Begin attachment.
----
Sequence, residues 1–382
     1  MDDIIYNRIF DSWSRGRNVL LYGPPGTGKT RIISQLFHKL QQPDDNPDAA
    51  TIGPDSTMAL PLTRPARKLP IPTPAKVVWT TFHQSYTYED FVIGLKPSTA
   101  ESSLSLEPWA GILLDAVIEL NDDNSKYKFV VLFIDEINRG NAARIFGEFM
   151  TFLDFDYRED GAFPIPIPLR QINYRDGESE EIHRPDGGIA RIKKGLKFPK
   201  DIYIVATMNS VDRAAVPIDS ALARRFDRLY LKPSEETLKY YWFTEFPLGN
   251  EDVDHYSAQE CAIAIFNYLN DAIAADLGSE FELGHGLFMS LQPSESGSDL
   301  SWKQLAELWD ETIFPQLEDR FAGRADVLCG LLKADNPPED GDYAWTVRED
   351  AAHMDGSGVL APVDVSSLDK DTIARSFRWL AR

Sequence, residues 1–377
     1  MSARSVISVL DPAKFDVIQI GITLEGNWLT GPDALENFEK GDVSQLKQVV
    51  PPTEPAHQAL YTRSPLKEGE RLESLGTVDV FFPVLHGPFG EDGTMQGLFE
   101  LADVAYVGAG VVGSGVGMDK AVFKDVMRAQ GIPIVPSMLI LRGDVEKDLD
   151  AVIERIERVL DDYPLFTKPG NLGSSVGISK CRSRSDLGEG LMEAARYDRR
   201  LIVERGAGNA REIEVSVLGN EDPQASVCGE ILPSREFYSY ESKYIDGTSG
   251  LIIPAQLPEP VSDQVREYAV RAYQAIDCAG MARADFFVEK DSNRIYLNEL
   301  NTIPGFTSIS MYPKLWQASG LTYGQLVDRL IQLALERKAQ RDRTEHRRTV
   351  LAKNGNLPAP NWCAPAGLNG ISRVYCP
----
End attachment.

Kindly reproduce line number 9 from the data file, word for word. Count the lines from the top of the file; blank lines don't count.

   351  AAHMDGSGVL APVDVSSLDK DTIARSFRWL AR